I told them that since January 1st, I’ve been on a path to get healthier. To feel better about myself. I was exercising every day for at least a half hour but usually an hour or more. I’m eating better food, in less quantity so I can stick to my calorie goal. I told them that my goal is to get healthy; the weight loss was just a side effect of that.
Until I said it, I hadn’t thought of weight loss in that way. Now that I’ve said it, it really makes sense. What I’m doing is not a short term thing. I’m in this for the long haul. I have changed my direction in life. I’m so much more interested in my non scale goals then my weight loss goals.
Getting healthy doesn’t necessarily mean losing weight. I’m already healthier and I still have over 100lbs to lose. I’m feeling better about my life and who I am. That has nothing to do with the scale or my weight.
It’s easy to get caught up in what the scale says. I have been weighing myself everyday just to see the fluctuations. In doing that, I’ve driven myself crazy because the scale is not moving.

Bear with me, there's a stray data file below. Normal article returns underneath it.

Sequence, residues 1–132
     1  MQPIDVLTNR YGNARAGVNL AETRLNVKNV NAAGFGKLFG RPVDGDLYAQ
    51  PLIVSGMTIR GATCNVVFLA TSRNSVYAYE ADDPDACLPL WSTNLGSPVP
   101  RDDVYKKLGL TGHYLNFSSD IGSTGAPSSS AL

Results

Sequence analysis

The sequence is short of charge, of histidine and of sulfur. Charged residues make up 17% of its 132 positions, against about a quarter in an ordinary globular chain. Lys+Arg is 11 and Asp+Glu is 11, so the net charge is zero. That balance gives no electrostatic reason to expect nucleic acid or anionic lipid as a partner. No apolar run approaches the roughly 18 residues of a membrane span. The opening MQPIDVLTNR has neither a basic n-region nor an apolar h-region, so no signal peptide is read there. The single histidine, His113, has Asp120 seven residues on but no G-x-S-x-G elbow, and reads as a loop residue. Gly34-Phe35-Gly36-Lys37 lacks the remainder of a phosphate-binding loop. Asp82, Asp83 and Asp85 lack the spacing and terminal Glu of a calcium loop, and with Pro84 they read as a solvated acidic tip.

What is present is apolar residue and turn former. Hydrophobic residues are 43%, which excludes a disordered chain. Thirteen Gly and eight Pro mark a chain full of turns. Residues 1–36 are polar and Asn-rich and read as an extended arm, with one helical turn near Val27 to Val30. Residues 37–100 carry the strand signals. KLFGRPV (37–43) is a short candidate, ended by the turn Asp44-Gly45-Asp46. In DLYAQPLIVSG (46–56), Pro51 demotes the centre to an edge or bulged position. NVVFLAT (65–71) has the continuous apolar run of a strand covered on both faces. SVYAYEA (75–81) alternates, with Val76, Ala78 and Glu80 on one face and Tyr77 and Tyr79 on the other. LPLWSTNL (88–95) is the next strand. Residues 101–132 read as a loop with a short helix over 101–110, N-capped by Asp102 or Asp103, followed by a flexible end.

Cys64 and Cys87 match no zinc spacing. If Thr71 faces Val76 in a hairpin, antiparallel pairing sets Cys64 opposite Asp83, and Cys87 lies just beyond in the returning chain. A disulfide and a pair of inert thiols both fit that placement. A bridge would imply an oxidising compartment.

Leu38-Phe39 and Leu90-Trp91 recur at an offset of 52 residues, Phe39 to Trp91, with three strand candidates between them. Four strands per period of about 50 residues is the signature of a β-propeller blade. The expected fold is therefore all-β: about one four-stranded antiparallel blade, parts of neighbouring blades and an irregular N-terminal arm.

I have a different outlook since the weekend. The scale is just one tool to check progress. There are so many better ways to check progress. I’ve set a few non scale goals that mean more to me than seeing my weight drop.
I can feel myself getting healthier. I’m stronger, I have more stamina, it’s easier for me to get out of bed in the morning, and I sleep more soundly. I’m reaching goals I never thought I could reach, and I have so many more left to accomplish. None of that shows on the scale.